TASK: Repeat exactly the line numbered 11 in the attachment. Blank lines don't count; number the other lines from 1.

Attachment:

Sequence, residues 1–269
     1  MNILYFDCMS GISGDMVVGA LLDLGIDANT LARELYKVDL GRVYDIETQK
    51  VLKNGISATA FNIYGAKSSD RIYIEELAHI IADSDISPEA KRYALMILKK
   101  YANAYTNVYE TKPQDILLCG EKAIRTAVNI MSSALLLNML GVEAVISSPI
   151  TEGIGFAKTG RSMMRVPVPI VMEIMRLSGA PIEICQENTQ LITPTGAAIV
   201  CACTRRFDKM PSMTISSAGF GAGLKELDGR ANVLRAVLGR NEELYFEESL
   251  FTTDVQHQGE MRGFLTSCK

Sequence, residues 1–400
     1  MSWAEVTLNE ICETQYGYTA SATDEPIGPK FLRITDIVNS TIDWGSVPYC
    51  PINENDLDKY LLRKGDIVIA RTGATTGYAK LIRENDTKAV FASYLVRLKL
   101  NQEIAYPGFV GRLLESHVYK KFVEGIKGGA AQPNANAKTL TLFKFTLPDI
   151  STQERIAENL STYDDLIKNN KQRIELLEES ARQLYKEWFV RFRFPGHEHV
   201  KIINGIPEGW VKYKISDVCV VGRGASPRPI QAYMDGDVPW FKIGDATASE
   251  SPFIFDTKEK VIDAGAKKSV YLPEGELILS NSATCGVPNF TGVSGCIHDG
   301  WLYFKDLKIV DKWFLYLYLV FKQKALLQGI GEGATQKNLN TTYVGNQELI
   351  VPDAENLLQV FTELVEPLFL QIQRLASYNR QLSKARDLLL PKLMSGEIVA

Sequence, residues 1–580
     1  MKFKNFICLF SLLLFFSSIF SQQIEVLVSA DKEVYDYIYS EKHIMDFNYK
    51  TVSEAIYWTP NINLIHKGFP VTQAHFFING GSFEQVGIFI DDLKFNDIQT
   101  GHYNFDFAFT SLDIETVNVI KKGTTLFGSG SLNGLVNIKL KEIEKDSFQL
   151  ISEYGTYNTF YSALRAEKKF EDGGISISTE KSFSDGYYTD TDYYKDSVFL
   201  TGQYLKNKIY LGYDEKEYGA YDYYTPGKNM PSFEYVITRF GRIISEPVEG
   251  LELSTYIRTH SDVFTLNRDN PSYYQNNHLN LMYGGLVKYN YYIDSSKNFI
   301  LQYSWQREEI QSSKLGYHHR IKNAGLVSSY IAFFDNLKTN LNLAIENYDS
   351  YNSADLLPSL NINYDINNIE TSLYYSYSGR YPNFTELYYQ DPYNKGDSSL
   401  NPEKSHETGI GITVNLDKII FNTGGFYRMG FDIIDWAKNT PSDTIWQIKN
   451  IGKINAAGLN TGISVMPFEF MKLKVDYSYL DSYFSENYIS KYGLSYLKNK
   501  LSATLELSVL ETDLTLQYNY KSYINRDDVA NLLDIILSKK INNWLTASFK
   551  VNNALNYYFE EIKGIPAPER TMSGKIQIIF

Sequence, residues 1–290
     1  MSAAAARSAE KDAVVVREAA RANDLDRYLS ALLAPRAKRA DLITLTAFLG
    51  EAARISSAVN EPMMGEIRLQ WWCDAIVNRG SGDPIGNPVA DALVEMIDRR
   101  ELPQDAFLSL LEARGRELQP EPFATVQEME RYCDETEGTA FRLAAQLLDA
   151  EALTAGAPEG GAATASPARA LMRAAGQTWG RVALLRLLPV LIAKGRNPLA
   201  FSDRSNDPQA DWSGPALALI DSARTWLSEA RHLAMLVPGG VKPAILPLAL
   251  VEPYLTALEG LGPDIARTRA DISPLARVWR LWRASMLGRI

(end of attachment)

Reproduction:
   101  NQEIAYPGFV GRLLESHVYK KFVEGIKGGA AQPNANAKTL TLFKFTLPDI